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We spent time at my weekend/summer home in Easton, Connecticut, where I now live. We hung out at her ‘country’ house, first in a neighboring town in Connecticut and then on a tiny island on Lake Winnipesaukee in New Hampshire. (Very cool! She still owns the island and goes there regularly).

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We intimately knew each other’s parents and in my case, grandparents too. We reveled in each other’s pets – we both had birds. We named our birds after characters in Peter Pan (Wendy/Peter Pan). Her parakeet was Petey and my canary was Tinkerbell.

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We were friendly through high school. In junior high, we moved onto other best friends and different circles of friends. We lost touch after high school. Totally. We didn’t have any contact at all until I called her after our 40th high school reunion. We talked on the phone a few times and then lost touch again for another ten years.

This past year, as our 50th class reunion approaches, we reconnected on Facebook. This time our connection has blossomed into a real friendship. We have talked on the phone for a half hour to an hour every week for the past few months. We both look forward to our conversations. We have moved past catching up and reminiscing. We have filled each other in on the basics of our careers, marriages and children.

We each have a child with serious health issues. We’ve talked about books, friends, hobbies and politics. We both suffer from Donald Trump’s PTSD.

We’ve come to realize that we’re similar in many ways and simpatico on other levels, too. We would not continue our relationship if that were not the case. We might have become close if we had just met for the first time. But there is something so special about talking with someone who knew my first dog, remembers my parents as ‘young people.’ Who remembers writing ‘novels’ together as pre-teens using manual typewriters with carbon paper — and no self-correcting features.

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I believe we know each other – the essence of who we are – in a way that almost no one else can. It would have been nice if we had stayed in touch through all the intervening years. Apparently it wasn’t necessary. There’s just something about the friendship we had in those formative, innocent years in the late 1950’s and early 1960’s. That ‘something’ has survived for 50 years and is creating a modern-day friendship which is more fun, deeper and more meaningful than either of us could have imagined.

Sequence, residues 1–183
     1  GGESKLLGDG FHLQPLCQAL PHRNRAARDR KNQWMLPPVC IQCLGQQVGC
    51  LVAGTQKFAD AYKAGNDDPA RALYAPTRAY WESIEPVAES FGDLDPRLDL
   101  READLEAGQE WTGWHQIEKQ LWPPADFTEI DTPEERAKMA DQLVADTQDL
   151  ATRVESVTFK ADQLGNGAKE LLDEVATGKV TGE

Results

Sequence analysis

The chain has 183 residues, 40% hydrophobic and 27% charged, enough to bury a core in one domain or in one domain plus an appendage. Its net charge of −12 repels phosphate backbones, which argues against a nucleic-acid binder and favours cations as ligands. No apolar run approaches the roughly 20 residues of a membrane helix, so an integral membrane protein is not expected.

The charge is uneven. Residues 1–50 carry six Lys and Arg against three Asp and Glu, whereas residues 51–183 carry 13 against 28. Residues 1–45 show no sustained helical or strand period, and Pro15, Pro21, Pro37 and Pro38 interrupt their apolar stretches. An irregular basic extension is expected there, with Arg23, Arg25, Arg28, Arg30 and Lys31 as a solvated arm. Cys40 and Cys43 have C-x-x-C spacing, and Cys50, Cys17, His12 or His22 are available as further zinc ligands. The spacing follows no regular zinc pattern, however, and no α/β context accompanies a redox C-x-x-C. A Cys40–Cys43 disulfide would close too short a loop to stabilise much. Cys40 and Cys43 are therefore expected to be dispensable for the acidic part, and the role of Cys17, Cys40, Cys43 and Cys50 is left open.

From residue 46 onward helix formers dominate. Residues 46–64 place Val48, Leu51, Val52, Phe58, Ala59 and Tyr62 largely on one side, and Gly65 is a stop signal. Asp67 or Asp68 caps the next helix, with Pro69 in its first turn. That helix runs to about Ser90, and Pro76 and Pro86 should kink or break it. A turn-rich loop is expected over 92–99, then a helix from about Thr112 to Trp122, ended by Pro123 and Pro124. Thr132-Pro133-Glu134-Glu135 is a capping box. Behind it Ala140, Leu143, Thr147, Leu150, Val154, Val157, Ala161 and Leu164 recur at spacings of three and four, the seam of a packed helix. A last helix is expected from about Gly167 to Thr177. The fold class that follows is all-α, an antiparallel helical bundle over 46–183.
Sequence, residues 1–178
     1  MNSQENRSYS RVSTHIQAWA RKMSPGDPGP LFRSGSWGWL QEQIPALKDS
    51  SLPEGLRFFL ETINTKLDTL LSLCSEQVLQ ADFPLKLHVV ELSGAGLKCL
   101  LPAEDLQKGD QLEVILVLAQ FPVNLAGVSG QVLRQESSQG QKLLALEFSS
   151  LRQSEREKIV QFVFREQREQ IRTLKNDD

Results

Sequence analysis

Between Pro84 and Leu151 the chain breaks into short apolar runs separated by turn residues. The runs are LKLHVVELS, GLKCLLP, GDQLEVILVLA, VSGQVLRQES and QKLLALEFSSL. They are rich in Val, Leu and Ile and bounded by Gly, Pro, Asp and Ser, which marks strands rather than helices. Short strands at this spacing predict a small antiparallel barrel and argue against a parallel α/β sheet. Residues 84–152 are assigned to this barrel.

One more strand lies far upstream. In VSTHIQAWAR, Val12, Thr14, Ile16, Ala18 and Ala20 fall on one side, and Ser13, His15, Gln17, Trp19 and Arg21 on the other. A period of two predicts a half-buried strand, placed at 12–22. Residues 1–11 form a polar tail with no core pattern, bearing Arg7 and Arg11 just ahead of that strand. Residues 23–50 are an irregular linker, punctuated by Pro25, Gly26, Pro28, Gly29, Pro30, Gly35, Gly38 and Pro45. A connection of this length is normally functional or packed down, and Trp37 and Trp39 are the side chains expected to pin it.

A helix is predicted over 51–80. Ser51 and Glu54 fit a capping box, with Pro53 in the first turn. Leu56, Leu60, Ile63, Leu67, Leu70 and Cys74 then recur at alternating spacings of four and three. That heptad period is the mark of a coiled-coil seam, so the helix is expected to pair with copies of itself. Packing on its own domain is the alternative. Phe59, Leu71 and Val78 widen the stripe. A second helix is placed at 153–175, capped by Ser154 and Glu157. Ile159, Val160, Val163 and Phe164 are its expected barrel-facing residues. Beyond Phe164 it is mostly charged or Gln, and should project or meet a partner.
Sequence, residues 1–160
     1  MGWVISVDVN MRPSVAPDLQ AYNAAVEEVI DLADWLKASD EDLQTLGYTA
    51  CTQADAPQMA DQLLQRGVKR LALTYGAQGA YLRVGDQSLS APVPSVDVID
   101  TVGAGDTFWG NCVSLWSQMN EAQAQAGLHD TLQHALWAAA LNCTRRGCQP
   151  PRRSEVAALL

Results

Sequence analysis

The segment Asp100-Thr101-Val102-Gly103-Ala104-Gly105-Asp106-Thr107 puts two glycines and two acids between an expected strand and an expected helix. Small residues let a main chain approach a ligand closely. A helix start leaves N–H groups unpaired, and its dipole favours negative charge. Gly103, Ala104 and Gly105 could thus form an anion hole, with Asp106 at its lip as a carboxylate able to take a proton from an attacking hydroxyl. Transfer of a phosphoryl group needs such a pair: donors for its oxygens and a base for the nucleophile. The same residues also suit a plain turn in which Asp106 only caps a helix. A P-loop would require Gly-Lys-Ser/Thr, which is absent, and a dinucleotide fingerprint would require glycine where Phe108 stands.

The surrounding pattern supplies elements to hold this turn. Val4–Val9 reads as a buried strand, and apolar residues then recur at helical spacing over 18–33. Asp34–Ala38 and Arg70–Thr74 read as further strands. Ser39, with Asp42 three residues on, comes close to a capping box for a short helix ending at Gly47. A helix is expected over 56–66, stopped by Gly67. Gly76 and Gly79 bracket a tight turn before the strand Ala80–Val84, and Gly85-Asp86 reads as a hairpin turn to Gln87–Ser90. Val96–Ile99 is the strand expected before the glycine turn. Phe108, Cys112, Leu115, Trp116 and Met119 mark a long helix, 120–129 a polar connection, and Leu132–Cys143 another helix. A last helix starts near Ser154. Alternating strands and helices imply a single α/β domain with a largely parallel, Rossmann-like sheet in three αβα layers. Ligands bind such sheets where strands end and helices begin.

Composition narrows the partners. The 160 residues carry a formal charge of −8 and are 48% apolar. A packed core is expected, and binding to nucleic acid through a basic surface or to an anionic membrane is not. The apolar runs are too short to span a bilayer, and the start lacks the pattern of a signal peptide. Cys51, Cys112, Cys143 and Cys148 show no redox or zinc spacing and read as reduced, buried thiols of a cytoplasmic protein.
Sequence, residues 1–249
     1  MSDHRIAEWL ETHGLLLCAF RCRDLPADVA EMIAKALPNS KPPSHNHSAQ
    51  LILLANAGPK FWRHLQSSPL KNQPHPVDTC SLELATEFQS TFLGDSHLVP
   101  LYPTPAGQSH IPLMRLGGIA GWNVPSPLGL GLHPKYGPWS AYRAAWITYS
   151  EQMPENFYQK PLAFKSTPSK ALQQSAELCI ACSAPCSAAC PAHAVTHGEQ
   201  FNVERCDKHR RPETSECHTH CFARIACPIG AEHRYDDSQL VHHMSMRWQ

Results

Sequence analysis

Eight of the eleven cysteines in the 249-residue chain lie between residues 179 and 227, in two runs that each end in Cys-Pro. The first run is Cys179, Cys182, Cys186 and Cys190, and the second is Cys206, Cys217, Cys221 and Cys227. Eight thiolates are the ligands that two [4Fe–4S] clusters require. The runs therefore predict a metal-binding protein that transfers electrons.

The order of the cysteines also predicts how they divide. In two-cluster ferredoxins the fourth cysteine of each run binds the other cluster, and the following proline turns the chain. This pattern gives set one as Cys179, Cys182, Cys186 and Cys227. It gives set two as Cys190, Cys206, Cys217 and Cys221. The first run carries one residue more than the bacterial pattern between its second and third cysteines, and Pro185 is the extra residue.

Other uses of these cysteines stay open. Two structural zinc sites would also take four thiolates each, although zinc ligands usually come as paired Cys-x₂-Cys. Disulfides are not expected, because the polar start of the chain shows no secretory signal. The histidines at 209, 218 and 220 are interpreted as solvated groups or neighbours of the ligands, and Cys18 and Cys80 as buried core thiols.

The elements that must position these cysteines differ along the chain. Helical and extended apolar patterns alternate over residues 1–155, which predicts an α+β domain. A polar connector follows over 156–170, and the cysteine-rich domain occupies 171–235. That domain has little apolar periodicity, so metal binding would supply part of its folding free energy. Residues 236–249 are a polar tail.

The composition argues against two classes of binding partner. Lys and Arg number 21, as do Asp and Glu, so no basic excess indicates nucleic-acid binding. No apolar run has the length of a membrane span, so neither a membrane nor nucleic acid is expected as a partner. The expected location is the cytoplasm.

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I’m surprised but thrilled that Wendy has become such a wonderful addition to my life. I talk to her more and on a different level than I talk to the old friends I have stayed in contact with. I cherish the bond we’ve created and I look forward to watching it deepen over time.

We are meeting in person next week for the first time since 1967. Although we live two hours apart, we hope we can continue meeting in person as well as texting, emailing and talking on the phone. I think we give new meaning to the phrase ‘old friends.’

TANGERINES

A Photo a Week Challenge: Edible


You said edible and I said … FRUIT! I’m not sure why, but fruit is my favorite food for shooting. Also eating. It’s neat and shiny. Maybe that’s why. You can pile it up, spread it out … and then, you can eat it.

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This time of year, there’s not much of it on the market. The local fruit vendors have nothing to sell. There won’t be anything for a few more months.

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The stuff from California is not great, but … we have tangerines. They are the saving grace of fruit during the long winter. Here are some tangerines. Orange.

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I need to mention that taking pictures of fruits and vegetables is more difficult than it seems. I’m not sure why, but when I sort through all the pictures, only a few are good enough. That might be one of the lessons we get from photography. Easy things are not necessarily as easy as they appear to be.